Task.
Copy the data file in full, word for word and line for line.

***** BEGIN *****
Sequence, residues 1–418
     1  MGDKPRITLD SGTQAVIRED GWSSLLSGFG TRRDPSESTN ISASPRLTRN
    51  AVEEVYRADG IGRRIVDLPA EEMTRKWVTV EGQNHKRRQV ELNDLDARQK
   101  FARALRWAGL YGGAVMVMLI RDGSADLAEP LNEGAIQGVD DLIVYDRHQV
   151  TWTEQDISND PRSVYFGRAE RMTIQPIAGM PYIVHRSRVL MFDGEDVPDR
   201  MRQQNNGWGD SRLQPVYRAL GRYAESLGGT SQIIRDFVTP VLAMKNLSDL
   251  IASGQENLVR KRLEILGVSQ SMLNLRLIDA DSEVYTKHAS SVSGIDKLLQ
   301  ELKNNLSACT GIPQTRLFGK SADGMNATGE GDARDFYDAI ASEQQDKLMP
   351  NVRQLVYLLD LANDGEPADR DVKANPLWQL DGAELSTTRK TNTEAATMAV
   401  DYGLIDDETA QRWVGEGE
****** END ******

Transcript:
Sequence, residues 1–418
     1  MGDKPRITLD SGTQAVIRED GWSSLLSGFG TRRDPSESTN ISASPRLTRN
    51  AVEEVYRADG IGRRIVDLPA EEMTRKWVTV EGQNHKRRQV ELNDLDARQK
   101  FARALRWAGL YGGAVMVMLI RDGSADLAEP LNEGAIQGVD DLIVYDRHQV
   151  TWTEQDISND PRSVYFGRAE RMTIQPIAGM PYIVHRSRVL MFDGEDVPDR
   201  MRQQNNGWGD SRLQPVYRAL GRYAESLGGT SQIIRDFVTP VLAMKNLSDL
   251  IASGQENLVR KRLEILGVSQ SMLNLRLIDA DSEVYTKHAS SVSGIDKLLQ
   301  ELKNNLSACT GIPQTRLFGK SADGMNATGE GDARDFYDAI ASEQQDKLMP
   351  NVRQLVYLLD LANDGEPADR DVKANPLWQL DGAELSTTRK TNTEAATMAV
   401  DYGLIDDETA QRWVGEGE